He was not the only actor at the concert, as Wayne Alexander was also hanging out, as usual at this con. Anyhow, I was in charge of the con suite, so it was my job to provide food and beverages to all the convention attendees. I was not incharge of the green room, so I only got to hang out with a few people on certain occaisions. I had a gaming card for Neroon, so I got him to sign in at the concert. I told him that because I was going to be busy the whole weekend, I wanted to get this taken care of now so as not to miss him. He was cool with that.
I did get a chance to talk to John, but not a whole lot. I did not ask about whether or not he knew about the website, which is unfortunate. He seemed a bit overwhelmed by the whole convention experience, as this was his first time. He did not bring any pictures or anything to sign, so it was up to the fans to bring him something. He did seem to enjoy the panel he was on with the other B5 actors. He was up with Maggie Egan (ISN reporter), Jeffery Willerth (Kosh), Jason Carter (Marcus), Tim Choate (Zathras), Robin Atkin Downes (Byron), and Bill Blair (basic character actor). Away from the panel, he was enthusiastic about his work on The Lion King musical, which is understandable, as he put so much time into that. I don’t think he knew how much his character of Neroon was appreciated and liked, since he only did the role a few times over a 4 year period. He also mentioned that his role of Gul Rusot, on DS9, was pretty much the same character. In other words, he disagreed with everyone on the show and then died.
Here are some of the questions and answers I remember from the panel, I will be getting a tape with the whole panel on it later on, so I can update this then.
Q: What kind of character would you like to play in the future?
A: I want to play someone who doesn’t disagree with everyone else.
Q: What kind of motivation did you use to act in “Moments of Transition”?
A: It’s been so long since I did Neroon that I don’t actually know which episode you are refering to.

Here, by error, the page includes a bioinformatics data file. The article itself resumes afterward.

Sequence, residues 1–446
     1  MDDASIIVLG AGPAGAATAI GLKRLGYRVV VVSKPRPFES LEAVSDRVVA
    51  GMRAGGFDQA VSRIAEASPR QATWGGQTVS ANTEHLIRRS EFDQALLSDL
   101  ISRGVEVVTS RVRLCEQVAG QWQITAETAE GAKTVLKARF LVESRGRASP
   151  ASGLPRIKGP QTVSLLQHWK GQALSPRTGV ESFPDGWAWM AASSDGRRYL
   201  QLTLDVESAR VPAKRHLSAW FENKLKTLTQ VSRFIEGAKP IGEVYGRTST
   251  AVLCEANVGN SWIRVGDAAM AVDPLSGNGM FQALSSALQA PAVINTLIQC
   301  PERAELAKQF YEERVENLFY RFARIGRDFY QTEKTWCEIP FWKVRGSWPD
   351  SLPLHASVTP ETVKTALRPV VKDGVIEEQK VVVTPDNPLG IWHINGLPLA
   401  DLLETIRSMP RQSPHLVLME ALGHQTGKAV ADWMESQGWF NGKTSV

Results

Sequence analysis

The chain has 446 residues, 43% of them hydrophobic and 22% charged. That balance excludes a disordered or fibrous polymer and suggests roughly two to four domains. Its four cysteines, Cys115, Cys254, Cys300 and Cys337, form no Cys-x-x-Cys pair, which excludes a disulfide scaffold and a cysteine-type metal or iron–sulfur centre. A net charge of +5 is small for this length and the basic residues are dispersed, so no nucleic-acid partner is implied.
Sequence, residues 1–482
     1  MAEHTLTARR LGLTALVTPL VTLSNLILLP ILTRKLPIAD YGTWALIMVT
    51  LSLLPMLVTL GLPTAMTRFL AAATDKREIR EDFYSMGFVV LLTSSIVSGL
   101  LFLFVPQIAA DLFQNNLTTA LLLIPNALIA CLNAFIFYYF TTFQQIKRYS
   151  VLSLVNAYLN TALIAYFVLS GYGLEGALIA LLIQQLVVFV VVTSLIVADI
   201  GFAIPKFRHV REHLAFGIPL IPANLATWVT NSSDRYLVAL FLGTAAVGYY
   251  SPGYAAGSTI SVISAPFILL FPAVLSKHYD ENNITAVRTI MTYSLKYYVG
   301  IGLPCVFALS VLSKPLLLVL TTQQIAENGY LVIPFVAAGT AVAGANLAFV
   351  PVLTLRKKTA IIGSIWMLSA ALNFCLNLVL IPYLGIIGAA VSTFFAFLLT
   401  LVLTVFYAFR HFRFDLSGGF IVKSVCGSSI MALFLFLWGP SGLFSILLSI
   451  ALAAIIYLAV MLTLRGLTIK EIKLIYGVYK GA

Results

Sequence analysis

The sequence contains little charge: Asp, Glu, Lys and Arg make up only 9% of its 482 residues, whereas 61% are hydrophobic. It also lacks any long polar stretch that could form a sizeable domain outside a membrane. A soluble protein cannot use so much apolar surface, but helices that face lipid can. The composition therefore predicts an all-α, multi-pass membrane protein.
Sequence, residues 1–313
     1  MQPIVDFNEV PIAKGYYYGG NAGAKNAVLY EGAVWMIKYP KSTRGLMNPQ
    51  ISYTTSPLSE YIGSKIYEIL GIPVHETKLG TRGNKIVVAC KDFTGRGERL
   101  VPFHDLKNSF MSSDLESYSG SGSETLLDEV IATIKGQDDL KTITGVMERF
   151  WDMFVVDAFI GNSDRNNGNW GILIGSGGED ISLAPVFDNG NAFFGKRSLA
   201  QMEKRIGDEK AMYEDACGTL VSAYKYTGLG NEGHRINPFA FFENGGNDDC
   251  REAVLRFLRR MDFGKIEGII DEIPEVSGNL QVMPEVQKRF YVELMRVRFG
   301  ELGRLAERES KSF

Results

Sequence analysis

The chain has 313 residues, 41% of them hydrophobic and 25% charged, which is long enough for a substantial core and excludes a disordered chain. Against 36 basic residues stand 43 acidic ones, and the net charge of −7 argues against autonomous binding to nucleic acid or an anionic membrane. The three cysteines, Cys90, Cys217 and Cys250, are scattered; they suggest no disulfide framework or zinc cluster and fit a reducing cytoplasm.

(I then chimed in “You died in that one”)
A: Oh yes, that. He then related a story that Mira hates being picked up off the floor with her eyes closed, and how that was bad since he is not the biggest man, and so the filming of that final scene took forever and was physically demanding.
Q: How much preparation did you and Jason do for your duel?
A: Well, I believe Jason did a lot of his own stunts, as he is into that sort of thing. I didn’t do as much of the action as he did, but we did do a lot of it. I think it is better to have two actors who don’t know how to fight all that well really going for the kill then to have two stunt people doing all that balletic fighting but not really selling the intent to harm the other person (both John and Jason contributed parts of this answer).
Q: What are you doing now?
A: He is doing a voice for some cartoon thing (which totally escapes my brain at the moment) and he also did Mr. Welles again in Crusade. He says he is possessed in the episode, so he supposes that he really isn’t playing Mr. Welles at all.
I am sure that he contributed more, but I can’t really remember the whole thing at the moment. I made an observation which got the biggest laugh of the panel, which was that nearly everyone on stage was dead. Maggie stood up and said “not me” to which I replied, well of course not, your a woman. So, that made a big impression with everyone on stage.